On Dec. 29, 1807, Alexander Henry, chief factor at a fur trading post in what is now southern Manitoba, described in his journal the remarkable birth of a son to a young Scottish girl named Isobel Gunn. Until the pain of labour forced her to reveal herself, Isobel had successfully disguised herself as a man for a year and a half. Henry’s journal entry, as well as birth and death certificates, form the factual basis for West Coast author Audrey Thomas’s captivating and tragic new novel.
Thomas begins her tale on one of the Orkney Islands. Narrator Magnus Inkster, a fellow islander chronicles Isobel’s grim life. Badly scarred by smallpox and unlikely to marry, young Isobel seems doomed to a future of caring for
her alcoholic father. But she begins to plan an escape when she hears sailor John Scarth’s fantastic tales of the time he spent on Hudson Bay. Keeping to herself and dressed in the bulky clothing worn against the cold in winter and stinging insects in summer, she escapes discovery by all except Scarth. He recognizes her and uses his knowledge of her secret to repeatedly rape her.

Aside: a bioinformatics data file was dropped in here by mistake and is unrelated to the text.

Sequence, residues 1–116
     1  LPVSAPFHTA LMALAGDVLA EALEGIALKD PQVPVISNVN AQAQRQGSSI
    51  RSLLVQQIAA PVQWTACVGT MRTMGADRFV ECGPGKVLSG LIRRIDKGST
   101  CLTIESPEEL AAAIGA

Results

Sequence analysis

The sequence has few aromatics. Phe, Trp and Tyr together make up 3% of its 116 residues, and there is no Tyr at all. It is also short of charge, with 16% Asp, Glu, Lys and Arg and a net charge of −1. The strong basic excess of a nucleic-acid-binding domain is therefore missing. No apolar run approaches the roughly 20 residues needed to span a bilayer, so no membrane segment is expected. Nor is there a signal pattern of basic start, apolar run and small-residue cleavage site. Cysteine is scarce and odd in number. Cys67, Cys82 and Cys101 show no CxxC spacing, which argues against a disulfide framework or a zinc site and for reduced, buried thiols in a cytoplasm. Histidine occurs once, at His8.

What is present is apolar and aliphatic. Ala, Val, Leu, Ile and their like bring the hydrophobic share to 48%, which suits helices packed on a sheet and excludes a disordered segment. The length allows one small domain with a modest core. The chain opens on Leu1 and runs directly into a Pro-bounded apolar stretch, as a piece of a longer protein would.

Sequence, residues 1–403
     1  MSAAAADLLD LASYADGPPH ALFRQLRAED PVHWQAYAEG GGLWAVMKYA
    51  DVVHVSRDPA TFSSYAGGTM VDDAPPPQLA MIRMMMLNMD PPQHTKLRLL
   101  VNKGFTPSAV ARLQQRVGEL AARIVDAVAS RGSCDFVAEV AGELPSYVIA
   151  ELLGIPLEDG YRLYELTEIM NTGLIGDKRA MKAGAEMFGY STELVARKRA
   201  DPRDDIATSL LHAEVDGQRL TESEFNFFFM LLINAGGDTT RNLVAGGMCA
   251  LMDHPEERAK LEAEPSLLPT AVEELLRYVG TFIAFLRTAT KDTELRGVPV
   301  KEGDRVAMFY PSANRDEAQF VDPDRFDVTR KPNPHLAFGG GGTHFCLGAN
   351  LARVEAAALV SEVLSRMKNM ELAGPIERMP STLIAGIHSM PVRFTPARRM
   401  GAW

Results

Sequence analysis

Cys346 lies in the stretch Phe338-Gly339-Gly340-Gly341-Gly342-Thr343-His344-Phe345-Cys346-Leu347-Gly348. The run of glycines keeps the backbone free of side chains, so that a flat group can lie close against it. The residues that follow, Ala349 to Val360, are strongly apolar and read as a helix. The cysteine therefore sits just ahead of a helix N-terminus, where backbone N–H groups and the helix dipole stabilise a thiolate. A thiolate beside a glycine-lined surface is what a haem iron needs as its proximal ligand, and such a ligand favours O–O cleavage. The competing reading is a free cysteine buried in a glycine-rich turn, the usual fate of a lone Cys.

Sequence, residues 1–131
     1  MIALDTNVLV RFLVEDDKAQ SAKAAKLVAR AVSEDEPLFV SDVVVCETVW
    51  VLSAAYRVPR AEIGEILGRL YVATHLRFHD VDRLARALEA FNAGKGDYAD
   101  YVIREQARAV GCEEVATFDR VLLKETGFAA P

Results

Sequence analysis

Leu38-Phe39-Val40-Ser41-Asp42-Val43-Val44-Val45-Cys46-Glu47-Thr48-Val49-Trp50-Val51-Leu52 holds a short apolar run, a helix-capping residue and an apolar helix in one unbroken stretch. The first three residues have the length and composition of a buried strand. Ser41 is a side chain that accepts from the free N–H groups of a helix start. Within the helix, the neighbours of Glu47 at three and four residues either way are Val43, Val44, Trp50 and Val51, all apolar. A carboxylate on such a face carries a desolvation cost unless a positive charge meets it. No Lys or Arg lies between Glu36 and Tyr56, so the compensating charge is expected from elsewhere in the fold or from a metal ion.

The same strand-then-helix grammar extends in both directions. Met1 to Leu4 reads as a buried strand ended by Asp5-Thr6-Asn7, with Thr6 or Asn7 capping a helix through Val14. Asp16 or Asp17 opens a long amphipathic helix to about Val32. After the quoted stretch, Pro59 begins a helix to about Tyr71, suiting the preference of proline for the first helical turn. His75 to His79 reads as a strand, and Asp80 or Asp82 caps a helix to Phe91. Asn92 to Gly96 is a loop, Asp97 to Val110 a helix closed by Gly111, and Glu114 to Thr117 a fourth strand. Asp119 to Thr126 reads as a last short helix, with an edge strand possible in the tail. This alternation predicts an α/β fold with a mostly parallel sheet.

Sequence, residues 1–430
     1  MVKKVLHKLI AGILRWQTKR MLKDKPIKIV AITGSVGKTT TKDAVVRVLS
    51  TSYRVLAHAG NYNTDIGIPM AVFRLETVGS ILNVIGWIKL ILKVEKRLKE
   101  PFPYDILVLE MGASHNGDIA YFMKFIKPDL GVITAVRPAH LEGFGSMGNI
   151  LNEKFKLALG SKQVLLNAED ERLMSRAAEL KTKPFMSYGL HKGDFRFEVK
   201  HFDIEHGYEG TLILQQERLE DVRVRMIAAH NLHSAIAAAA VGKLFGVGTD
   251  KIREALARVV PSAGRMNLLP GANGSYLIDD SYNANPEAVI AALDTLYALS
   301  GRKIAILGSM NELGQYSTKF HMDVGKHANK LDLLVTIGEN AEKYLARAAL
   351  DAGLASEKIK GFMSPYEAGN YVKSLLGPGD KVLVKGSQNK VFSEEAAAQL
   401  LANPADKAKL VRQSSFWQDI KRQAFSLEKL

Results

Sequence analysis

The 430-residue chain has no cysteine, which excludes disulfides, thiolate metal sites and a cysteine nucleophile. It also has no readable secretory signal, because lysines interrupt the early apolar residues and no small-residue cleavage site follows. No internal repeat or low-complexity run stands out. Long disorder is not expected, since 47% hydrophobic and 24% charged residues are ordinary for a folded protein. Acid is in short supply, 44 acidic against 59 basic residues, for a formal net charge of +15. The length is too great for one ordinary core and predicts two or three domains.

Forcibly separated from her son when he is only 2, she spends the rest of her long life vainly trying to see him again. Isobel’s heartbreaking story drives Inkster, a clergyman, to grapple with concepts of predestination, heaven and God. His ruminations give the book plenty of thematic heft. But it is the courageous Isobel herself who lingers in the reader’s imagination.
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